Bike Walk Twin Cities Projects –Profile of 27th Ave SE

Bike Walk Twin Cities Projects -Profile of 27th Ave SE
By Amber Collett, Communications Associate

While Minnesota already has a solid foundation of off street trails, we've fallen behind cities such as Portland with our on-street infrastructure. Bike Walk Twin Cities, home of the non-motorized transportation pilot program, is working with several local partners to increase biking and walking and reduce unnecessary driving in Minneapolis and surrounding communities. We are working through education, outreach, evaluation, and infrastructure improvements to make bicycling and walking more pleasant and convenient for Twin Cities' residents.

BWTC is dedicated to improving infrastructure in key areas. The goal is to create connections and fill in the gaps in the system. By strengthening bicycling and walking corridors throughout the Metro area, residents will have greater freedom to "be their own engine." A number of new on-street facilities in Minneapolis and surrounding communities will open in 2010. In Minneapolis, the bike-way systems will more than double by the end of this year.
As these projects hit the pavement, so to speak, we will be featuring before and after shots of each area as well as blogs detailing what the changes mean for all road users.



27th Ave SE

27th Ave SE, near the University of Minnesota and affordable housing, is a natural corridor between several densely-populated neighborhoods in Minneapolis (Prospect Park, Cedar Riverside, Dinkytown, and Seward). Currently, a significant barrier along this corridor is the lack of an exclusive, usable space for cyclists. Bike riders also risk catching a tire in a railroad track that crosses the road at a 45 degree angle. BWTC awarded $100,000 to the City of Minneapolis to add bicycle lanes to the 27th Ave SE corridor to reduce that barrier and encourage increased bicycle use.

The bike lane will begin at the intersection of Franklin Ave and 27th Ave SE. From there, the bike corridor goes northeast for 0.03 miles, then due north for 0.32 miles to Essex Street. It then veers back to the northeast for 0.2 miles to University Avenue. The signed connection to the UM Transitway Bike Trail continues northeast on 27th Ave for 0.08 miles before turning southeast on 4th St for 0.14 miles.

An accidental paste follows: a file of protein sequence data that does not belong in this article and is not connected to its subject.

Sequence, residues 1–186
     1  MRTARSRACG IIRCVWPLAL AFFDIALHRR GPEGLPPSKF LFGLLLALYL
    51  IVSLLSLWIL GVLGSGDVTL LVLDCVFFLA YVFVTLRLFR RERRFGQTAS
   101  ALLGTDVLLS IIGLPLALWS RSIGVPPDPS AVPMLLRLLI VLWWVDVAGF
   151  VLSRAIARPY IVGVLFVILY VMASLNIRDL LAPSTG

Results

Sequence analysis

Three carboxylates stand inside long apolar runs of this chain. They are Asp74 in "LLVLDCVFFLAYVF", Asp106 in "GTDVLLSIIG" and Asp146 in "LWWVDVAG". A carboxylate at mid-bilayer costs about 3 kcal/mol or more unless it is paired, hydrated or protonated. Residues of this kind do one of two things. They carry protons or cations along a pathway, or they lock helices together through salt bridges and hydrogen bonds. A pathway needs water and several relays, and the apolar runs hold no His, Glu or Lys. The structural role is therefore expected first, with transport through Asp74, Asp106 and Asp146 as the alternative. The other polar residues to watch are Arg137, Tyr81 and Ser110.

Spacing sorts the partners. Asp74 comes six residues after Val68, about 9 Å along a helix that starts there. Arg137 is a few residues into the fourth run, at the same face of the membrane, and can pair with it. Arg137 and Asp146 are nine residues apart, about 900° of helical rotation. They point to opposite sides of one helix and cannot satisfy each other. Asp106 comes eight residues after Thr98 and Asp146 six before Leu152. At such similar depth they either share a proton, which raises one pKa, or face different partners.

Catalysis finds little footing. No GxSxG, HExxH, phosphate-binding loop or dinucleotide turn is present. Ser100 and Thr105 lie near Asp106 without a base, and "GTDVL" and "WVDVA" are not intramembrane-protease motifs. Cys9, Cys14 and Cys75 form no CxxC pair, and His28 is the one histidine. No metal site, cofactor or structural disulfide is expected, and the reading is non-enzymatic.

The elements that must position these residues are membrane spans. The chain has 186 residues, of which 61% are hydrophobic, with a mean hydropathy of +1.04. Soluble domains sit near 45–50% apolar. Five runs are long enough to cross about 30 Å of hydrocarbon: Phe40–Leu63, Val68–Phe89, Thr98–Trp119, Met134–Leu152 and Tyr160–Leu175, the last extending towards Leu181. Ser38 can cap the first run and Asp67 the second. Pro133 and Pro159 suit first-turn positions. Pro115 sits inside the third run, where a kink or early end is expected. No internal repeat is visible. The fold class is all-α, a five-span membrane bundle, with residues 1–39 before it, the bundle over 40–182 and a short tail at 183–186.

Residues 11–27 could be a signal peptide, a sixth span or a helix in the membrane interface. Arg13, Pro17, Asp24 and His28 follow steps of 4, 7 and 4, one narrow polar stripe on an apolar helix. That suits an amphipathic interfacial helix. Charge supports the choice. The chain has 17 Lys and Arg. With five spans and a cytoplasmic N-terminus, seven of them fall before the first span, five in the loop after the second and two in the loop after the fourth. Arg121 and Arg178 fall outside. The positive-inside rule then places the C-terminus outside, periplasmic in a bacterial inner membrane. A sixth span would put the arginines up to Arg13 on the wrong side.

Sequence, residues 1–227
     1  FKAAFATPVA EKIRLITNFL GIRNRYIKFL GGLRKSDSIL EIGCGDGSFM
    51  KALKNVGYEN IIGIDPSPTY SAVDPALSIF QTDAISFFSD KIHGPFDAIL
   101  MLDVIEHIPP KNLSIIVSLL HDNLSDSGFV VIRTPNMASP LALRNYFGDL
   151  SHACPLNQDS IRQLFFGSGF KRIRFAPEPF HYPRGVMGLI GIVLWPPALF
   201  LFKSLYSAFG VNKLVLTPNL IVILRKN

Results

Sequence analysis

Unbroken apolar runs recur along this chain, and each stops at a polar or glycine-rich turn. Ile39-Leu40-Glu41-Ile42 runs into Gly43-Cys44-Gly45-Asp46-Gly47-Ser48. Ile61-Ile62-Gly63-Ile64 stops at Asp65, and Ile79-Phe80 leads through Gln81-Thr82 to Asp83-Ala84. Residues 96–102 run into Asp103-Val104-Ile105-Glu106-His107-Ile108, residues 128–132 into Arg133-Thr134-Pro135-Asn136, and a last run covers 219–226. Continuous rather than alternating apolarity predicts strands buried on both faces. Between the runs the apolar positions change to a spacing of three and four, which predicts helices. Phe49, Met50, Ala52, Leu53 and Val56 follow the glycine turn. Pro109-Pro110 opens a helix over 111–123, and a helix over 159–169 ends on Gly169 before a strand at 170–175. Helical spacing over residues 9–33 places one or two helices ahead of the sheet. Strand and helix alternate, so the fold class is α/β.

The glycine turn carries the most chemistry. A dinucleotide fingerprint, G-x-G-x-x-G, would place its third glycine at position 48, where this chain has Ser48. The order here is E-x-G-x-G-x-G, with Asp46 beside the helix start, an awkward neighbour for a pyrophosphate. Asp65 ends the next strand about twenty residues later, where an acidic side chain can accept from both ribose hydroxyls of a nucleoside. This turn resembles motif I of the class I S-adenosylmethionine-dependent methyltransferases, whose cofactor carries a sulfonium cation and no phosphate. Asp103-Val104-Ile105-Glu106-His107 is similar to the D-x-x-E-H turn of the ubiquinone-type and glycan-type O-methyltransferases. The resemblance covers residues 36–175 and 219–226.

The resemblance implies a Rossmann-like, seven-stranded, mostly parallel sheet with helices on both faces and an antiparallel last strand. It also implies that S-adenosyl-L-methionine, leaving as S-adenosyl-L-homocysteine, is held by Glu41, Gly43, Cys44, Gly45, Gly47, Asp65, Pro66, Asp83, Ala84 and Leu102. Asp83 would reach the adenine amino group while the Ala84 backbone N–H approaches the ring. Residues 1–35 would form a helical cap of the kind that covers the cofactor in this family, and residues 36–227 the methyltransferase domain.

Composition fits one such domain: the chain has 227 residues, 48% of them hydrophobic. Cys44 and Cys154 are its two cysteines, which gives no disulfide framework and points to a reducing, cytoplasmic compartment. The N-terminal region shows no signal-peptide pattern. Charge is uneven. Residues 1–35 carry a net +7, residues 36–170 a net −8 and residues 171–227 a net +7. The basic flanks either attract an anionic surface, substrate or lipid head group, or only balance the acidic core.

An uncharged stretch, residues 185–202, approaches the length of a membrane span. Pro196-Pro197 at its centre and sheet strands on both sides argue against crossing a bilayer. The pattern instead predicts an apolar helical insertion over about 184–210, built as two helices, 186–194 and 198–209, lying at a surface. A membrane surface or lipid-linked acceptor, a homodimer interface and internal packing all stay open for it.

The on-street improvements will include signage to alert bicyclists, pedestrians, and drivers of the bike lane, striping, seal coating and bicycle racks. Moreover, the bike lane will pull away from the road to ensure that cyclists are crossing the railroad tracks at a right angle.
The major change along the 27th Ave SE project is a "road diet." To accommodate the bike lanes, 27th Ave SE will go from having 4 lanes to 2 lanes. Road diets will be used at several other Bike Walk Twin Cities funded projects in the future.

Steve Clark, Program Manager at Bike Walk Twin Cities, had this to say about the project:

"We have to give the City a lot of credit with this one, going from 4 lanes to 2 lanes in order to add bike lanes. Two other features that make this a great model project are how the gutter pan is being paved over (so there will be smooth pavement for cyclists riding right next to the curb) and the extra pavement being added at the rail road tracks so bicyclists can cross the tracks at a right angle."

Though only 0.55 miles long, this project provides a vital link in Southeast Minneapolis for bicyclists and pedestrians. Moreover, once the Central Corridor Light Rail Line is in place, there will be a stop 0.2 miles from 27th Ave SE. By serving as a north-south connection between 2 major bicycle trails (E. River Road and the UM Transitway), and by providing an easy connection between the Prospect Park, Cedar Riverside, Seward, and University neighborhoods, the improvements to 27th Ave SE will encourage social interaction and safety.

Look for these changes "on the ground" later this summer.